1 cup ice cold water
You will need:
A stand mixer, hand mixer or food processor (all will work, the stand mixer and food processor are the easiest to use)
A sieve or cheesecloth (I prefer the cheesecloth)
First things first, get your cream. The higher the fat content, the more butter you'll get per litre of cream and the nicer the butter will be, so skip the reduced fat creams and go for a good pure cream, or thickened cream or a full fat whipping cream.
Tip that cream into the bowl of your mixer. You can use a handheld mixer or a food processor - both will turn your cream into butter just as easily as the stand mixer.
Turn the mixer to medium speed and leave it for about 4 - 5 minutes. You'll see the cream thicken, then start to curdle, then you'll notice that it is separating and there will be liquid in the bottom of the bowl. This is the buttermilk. Don't waste it, you can use it in baking in place of milk or water. The creamy, yellow "butter" will be in clumps around the sides of the bowl.
Now you need to get the butter to form one clump and completely separate from the buttermilk. To do this you'll need about 1 cup of ice cold water. I usually put a cup of cold water in the freezer for about half an hour before I start butter making.
Turn the mixer back on and very slowly pour in about a quarter cup of the ice cold water. You'll see all the butter will clump together and there will be even more buttermilk in the bottom of the bowl.
Take a sieve and place it over a bowl. Tip the butter and the buttermilk into the sieve. Now, with clean hands, you need to pick up the clump of butter and gently squeeze. You'll see more buttermilk coming out. Keep squeezing gently, until you can't get any more buttermilk from the butter. The aim is to remove all the buttermilk as the more you can remove the better your butter will keep.
Once you've squeezed all the buttermilk from the butter you're done. You have lovely, fresh, unsalted butter.
To add a little flavour to the butter, stir through a pinch or two of salt. I use a fork to mash the salt into the butter.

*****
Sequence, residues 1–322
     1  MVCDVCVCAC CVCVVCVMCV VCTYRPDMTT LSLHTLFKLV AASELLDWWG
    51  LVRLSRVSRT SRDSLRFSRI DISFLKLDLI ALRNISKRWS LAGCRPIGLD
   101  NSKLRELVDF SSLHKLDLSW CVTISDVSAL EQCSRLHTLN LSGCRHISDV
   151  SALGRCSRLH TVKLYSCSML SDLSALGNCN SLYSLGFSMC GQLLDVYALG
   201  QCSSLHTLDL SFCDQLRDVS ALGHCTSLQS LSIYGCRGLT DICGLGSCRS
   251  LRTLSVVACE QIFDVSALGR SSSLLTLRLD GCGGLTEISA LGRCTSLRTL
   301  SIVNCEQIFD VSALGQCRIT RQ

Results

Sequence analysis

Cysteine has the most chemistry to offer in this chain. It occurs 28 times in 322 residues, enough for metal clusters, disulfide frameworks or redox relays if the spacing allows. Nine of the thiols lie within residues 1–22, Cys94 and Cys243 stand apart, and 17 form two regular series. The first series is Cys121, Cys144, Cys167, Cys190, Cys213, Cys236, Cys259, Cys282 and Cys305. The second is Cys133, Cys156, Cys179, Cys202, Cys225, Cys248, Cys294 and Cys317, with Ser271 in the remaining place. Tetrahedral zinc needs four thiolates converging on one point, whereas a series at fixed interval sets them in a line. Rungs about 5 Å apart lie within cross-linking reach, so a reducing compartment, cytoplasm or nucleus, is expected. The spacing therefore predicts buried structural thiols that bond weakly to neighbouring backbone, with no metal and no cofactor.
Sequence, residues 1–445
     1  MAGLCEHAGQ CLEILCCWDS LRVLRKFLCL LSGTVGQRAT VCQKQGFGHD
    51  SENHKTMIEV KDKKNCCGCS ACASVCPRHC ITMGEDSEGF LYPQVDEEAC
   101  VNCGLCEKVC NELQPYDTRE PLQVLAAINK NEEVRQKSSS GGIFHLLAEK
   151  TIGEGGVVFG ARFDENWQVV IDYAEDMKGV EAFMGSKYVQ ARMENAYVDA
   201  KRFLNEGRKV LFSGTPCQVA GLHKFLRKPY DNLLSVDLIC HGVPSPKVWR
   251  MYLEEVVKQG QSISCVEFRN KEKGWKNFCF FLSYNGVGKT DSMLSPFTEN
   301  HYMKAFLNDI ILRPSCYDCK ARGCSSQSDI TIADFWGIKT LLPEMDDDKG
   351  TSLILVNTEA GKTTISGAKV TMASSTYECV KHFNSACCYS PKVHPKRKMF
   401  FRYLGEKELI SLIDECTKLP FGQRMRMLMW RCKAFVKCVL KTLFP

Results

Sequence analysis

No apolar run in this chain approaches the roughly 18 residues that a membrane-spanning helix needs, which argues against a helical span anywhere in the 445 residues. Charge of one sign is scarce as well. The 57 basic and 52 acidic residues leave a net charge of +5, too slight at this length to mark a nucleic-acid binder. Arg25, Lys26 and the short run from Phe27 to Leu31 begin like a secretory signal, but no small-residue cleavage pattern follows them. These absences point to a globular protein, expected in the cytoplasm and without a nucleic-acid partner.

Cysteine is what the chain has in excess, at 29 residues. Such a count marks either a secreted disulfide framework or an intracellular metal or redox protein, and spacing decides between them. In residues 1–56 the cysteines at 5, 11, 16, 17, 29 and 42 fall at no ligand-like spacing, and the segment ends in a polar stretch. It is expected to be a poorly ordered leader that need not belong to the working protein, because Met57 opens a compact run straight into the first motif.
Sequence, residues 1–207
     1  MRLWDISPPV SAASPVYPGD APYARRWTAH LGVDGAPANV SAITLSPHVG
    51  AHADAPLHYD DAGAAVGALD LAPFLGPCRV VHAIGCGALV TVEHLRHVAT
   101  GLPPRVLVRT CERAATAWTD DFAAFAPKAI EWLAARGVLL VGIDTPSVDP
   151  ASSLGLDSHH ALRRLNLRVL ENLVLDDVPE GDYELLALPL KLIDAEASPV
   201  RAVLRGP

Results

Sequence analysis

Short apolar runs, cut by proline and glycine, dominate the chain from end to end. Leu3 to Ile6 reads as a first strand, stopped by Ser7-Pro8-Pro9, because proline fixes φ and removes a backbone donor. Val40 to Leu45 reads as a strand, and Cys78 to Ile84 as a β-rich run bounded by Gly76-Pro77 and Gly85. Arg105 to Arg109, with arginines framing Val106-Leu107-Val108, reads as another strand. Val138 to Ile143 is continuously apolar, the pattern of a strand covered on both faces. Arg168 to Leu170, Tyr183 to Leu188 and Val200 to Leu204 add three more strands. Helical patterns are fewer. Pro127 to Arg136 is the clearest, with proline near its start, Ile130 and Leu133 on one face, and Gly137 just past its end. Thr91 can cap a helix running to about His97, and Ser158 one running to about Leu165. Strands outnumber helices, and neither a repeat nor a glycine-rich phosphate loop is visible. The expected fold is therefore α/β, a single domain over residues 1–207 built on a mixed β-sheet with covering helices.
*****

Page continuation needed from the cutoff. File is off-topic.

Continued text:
Put the butter in a dish and keep it in the fridge for up to eight weeks.
Pour the buttermilk into a jug and it will keep for up to two weeks in the fridge
And there you have it, fresh butter in 20 minutes.
From the September 2017 Cheapskates Journal
It's a cry I hear at least once a week.
I wish there were a simple, straightforward answer, but there isn't.
I can give you some hints that will help to ensure you make a successful batch of yoghurt every time.
This is my MOO yoghurt recipe.
To make 1 litre of yoghurt you will need:
A clean 1 litre jar with a screw top lid
A wide mouthed thermos that will hold the jar
2 cups milk powder (either full cream or skim, it’s up to you)
2 tablespoons natural yoghurt (this is the starter)
Cool water (tap water is fine as long as it’s not really cold).
Half fill the jar with cool water, add the milk powder and the 2 tablespoons natural yoghurt. Put
the lid on and shake well to combine. Make sure there are no lumps of milk powder left. Fill the
jar to the top with more water, seal and shake well. Shake it really well, for at least two minutes. You need the starter and the milk powder to completely dissolve.
Place the jar in the thermos. Pour boiling water around the jar until it reaches approximately 2/3
of the way up the sides. Put the lid on the thermos, sealing it tight.
Set aside for 8—12 hours, depending on how thick you like your yoghurt. Once it has reached the
consistency you like, place the jar of yoghurt in the fridge to cool.
If your yoghurt doesn't set:
First off, check your thermos. I have two: Easiyo and Aldi. These thermoses don't seal tightly, but the lid does sit right down on them. If the lid on your thermos doesn't sit right down, it could be leaking the heat needed to set the yoghurt.
Did you use skim or low fat milk powder? Commercial yoghurts have thickener added, that's what makes even the low fat versions "thick and creamy". If you like a thick and creamy yoghurt then full cream milk powder is the answer.
Is your starter old? If you've been saving some of each batch as a starter for the next batch you may find that over time it will weaken and finally just not work. After every five or six batches I suggest you use a fresh bought yoghurt as your starter. If you don't want to eat the leftovers, you can freeze it in ice-cube trays to start other batches.
If your yoghurt isn't as thick as you like after 12 hours don't stress. You can safely leave it to set in the thermos for up to 24 hours. Your yoghurt won't stop thickening until it is chilled.
The weather can play a big part in a good set or a runny fail. Too hot, too cold, too humid can all determine how long and how thick your yoghurt sets. In winter try wrapping the thermos in a towel for extra warmth and then topping up the boiling water every six hours or so.
If your yoghurt doesn't set as thick as you like, don't throw it out and waste it. Use it to replace the liquid in cakes, pancakes, muffins, white sauce or custard or add it to milkshakes or smoothies. .
Don't give up. At less than half the price per kilo of even the cheapest bought yoghurt, it is well worth persevering and fine-tuning your yoghurt making skills.